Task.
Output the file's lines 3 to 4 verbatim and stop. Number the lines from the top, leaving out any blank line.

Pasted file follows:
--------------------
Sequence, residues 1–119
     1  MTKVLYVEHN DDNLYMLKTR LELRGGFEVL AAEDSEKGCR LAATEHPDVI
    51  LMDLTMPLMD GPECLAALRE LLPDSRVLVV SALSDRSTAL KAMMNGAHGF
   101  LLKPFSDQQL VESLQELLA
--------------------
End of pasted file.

    51  LMDLTMPLMD GPECLAALRE LLPDSRVLVV SALSDRSTAL KAMMNGAHGF
   101  LLKPFSDQQL VESLQELLA